The covenantal importance of this question becomes even more obvious when we consider the traditional role of France in Europe throughout most of the history of Christendom. Today, Americans and most Europeans look at France with a slight dose of condescension and even some disdain. After all, this is the country which, despite its population, got effortlessly defeated by Germany in three major wars (the Franco-Prussian War of 1870-1871, WWI, and WWII). In the two world wars, France had to rely on the help of the United States, which most French disdain as an example of rugged individualism and capitalism; and of national pride and arrogance also. (Although, I would say on the pride and arrogance, the French seem to compete well with us, Americans; just as we seem to be trying to catch up with them in the socialism and collectivism race.) To add insult to the injury, France seems to be never capable of catching up with Germany in terms of economic growth, even when the cards are stacked decisively in its favor. After WWI, France received enormous reparations from Germany, plus control over Germany’s most industrialized province, for several years. After WWII, Germany was devastated, deprived of 1/3 of its previous territory, and split in two. And yet, in both cases, just a decade down the road, France was eating the dust behind Germany’s economic train.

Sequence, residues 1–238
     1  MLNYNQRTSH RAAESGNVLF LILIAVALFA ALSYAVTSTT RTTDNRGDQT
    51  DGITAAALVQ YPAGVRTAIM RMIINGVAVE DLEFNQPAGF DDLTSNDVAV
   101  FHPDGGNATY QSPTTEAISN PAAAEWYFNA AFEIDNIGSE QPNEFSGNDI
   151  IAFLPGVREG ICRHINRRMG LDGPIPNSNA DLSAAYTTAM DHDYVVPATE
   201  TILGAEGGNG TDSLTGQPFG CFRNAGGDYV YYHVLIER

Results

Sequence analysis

The French themselves are aware of the inferiority of their own country. Just a few weeks ago, before the elections, one of the candidates, Marie le Pen, stated that no matter what the result of the elections, France will be ruled by a woman: Either Marie le Pen herself, or Germany’s Angela Merkel. How correct that statement is we will leave aside; but the fact that it was accepted as valid by at least 40% of France’s active voters shows that the French do not consider their country powerful or stable enough, and always in danger of being controlled by another nation. A sentiment that would be natural for a small Eastern European country, but hardly expected to come from one of the supposed world’s superpowers.